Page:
This Adorable Mountain Lion Kitten is Why We Need a Wildlife Crossing

Animal lovers are celebrating the discovery of another adorable mountain lion kitten in California’s Santa Monica Mountains– but they’re also raising questions and concerns about whether her species can survive in an increasingly developed area.

The kitten was recently marked by researchers from the National Park Service (NPS), which has been studying mountain lions in the area since 2002, and biologists from the California Department of Fish and Wildlife.

She’s just a few weeks old and has officially been dubbed P-54, and while it’s believed that she’s healthy, the discovery has come with a downside – researchers believe she’s the product of inbreeding. According to the NPS, her mother, P-23, and her father, P-30, who is her mother’s half-sibling were documented traveling together. About three months later, P-23′s GPS locations indicated she had given birth.

32997981294_c3d011d5e0_zCredit: National Park Service

“The good news is that local mountain lions continue to reproduce successfully,” said Jeff Sikich, biologist for Santa Monica Mountains National Recreation Area. “Unfortunately, these animals are stuck on an island of habitat, with very little movement in and out of the Santa Monica Mountains, which has led to multiple cases of inbreeding.”

The area’s network of multi-lane freeways are an immense and clearly deadly barrier for mountain lions, and have isolated the few who are managing to survive in our midst. Sadly, more than a dozen individuals NPS scientists have been monitoring have been killed in collisions with vehicles when they try to disperse and find new homes and mates.

Without the ability to expand and establish new territories, they face not only the threat of deadly encounters with territorial older members of their species, but also problems that come with a lack of genetic diversity. Researchers recently gave them a 99.7 percent chance of going extinct in the next 50 years due to inbreeding.

Fortunately, these mountain lions have advocates who want to see them thrive in what’s otherwise perfect habitat for them. They have been working on plans to build a wildlife crossing over the 101 Freeway in Agoura Hills to connect habitat in the Santa Monica Mountains with the Simi Hills and Santa Susana Mountains in an effort to give them a safe corridor to expand.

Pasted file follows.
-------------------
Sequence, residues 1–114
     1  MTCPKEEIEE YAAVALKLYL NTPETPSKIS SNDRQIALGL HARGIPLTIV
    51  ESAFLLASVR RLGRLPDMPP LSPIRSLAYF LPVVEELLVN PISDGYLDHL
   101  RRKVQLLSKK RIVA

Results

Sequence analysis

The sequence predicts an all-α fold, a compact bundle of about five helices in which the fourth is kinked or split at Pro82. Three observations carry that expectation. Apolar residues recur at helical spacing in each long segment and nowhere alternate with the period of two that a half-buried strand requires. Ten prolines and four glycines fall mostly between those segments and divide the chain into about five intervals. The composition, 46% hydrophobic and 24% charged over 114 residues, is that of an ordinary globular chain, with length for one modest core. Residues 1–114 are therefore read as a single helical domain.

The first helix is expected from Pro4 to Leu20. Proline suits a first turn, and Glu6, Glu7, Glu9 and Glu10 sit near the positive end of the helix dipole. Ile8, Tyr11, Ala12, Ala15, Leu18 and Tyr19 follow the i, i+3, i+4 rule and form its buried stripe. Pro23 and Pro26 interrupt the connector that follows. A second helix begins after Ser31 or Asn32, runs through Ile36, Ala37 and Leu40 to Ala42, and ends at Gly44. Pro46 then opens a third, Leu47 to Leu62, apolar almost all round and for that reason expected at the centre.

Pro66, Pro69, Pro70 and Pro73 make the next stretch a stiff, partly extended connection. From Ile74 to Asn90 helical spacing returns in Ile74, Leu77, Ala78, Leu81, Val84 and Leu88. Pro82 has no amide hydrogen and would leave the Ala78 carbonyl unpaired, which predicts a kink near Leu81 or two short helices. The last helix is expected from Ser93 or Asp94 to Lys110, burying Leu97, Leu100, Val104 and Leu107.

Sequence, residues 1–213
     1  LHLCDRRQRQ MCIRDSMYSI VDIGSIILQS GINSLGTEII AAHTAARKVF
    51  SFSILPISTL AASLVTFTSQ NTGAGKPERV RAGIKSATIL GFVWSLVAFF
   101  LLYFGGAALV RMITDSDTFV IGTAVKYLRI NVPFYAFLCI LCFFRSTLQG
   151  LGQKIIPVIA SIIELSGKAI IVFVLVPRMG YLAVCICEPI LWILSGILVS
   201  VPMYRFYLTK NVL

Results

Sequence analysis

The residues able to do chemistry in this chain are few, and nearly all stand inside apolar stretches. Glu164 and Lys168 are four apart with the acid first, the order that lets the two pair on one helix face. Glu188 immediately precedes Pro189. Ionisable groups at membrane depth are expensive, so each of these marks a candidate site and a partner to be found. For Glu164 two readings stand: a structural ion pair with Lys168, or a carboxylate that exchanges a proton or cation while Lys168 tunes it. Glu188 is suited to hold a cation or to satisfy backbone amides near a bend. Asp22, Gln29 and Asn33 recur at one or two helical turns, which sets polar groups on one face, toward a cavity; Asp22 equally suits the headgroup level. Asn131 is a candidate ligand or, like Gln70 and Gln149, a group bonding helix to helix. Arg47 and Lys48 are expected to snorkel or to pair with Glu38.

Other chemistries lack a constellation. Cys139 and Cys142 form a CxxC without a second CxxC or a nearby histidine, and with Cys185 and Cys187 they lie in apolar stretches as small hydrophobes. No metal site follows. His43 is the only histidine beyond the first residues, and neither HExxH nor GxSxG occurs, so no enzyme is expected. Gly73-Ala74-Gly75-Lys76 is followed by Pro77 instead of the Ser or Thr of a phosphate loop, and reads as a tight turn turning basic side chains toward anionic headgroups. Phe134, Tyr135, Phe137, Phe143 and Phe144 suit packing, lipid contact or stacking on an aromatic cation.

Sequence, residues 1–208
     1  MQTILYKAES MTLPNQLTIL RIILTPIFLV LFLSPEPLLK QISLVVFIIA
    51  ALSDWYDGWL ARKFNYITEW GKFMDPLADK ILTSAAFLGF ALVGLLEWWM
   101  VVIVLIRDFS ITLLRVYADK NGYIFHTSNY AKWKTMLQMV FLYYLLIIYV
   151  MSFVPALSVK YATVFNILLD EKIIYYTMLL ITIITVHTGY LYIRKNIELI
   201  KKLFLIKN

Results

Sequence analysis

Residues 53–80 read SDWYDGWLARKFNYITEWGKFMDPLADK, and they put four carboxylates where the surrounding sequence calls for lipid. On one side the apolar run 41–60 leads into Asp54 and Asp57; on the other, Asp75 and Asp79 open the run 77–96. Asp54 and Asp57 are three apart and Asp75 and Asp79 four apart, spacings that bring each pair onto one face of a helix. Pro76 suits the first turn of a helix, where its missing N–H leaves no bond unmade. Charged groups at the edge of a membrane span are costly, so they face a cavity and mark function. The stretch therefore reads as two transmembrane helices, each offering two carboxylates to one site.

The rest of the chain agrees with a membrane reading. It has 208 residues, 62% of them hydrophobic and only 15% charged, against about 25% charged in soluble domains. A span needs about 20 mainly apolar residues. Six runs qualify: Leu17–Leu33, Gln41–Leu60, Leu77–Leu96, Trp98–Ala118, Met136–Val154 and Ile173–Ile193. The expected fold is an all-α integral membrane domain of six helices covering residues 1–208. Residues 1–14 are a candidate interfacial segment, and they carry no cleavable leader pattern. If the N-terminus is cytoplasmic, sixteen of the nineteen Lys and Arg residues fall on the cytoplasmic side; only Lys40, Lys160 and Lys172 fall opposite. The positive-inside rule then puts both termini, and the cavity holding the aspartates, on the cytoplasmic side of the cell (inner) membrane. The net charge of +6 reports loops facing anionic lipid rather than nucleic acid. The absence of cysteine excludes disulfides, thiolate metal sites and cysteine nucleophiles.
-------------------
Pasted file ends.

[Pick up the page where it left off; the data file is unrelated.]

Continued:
The project is moving forward, but making it a reality is still a matter of funding. The #SaveLACougars campaign, which was founded by the National Wildlife Federation and the Santa Monica Mountains Fund, is working on securing much of what will be needed to complete the crossing, and has aligned its fundraising timeline with the estimated stages of development.

Hopefully the project will continue to move forward and the crossing will help ensure that death isn’t inevitable for mountain lions who are just trying to find their place and survive in an increasingly developed world.

For more on how to help, visit the National Wildlife Federation and #SaveLACougars.

Photo credit: National Park Service


Marie W
Marie W1 years ago

Thanks for sharing.

Melania P
Melania P1 years ago

Wildlife crossings are highly effective, every country in the world should have them just to help wildlife. We've killed almost everything on the planet, it is the least we can do!

Dominic C
Dominic C1 years ago

Oh Boy!

Telica R
Telica R1 years ago

Thanks for sharing.

Margie F
Margie FOURIE1 years ago

Thanks again.

ANA MARIJA R1 years ago

I wonder the same, Rosslyn O.
#SaveLACougars Please
p.s. Happy Easter everyone!

Fredrik Lundgren
.1 years ago

Really cute mountain lion kitten

Patricia H
Patricia Harris1 years ago

Rosslyn O. completely agree with you, and Happy Easter to you as well.

Rosslyn O
Rosslyn O1 years ago

I still cannot understand why these overpasses were not incorporated into the design of the road planning in the very beginning. It is not as if the wildlife just suddenly materialise after road and divisions are built. Animals were here before humans you know! "Happy Easter everyone".

Philippa Powers
Philippa P1 years ago

We need to protect our wildlife.